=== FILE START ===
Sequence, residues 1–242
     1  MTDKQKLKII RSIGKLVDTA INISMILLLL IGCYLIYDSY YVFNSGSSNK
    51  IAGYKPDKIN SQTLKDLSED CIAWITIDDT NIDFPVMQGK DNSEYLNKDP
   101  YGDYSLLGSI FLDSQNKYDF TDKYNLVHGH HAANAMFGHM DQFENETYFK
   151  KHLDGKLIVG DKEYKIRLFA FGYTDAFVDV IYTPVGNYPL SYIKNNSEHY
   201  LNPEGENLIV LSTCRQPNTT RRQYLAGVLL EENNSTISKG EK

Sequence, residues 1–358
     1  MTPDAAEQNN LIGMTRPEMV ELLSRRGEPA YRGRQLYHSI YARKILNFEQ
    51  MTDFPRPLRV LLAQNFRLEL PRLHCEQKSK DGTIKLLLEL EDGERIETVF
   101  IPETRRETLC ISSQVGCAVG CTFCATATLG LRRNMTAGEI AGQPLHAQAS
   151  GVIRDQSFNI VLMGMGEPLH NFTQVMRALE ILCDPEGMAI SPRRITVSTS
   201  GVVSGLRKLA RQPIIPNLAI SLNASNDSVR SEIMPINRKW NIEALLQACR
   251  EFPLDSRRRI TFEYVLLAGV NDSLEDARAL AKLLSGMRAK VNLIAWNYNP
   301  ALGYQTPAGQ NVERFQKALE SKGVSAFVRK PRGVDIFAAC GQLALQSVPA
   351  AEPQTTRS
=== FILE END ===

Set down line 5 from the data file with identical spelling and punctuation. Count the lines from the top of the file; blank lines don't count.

   151  KHLDGKLIVG DKEYKIRLFA FGYTDAFVDV IYTPVGNYPL SYIKNNSEHY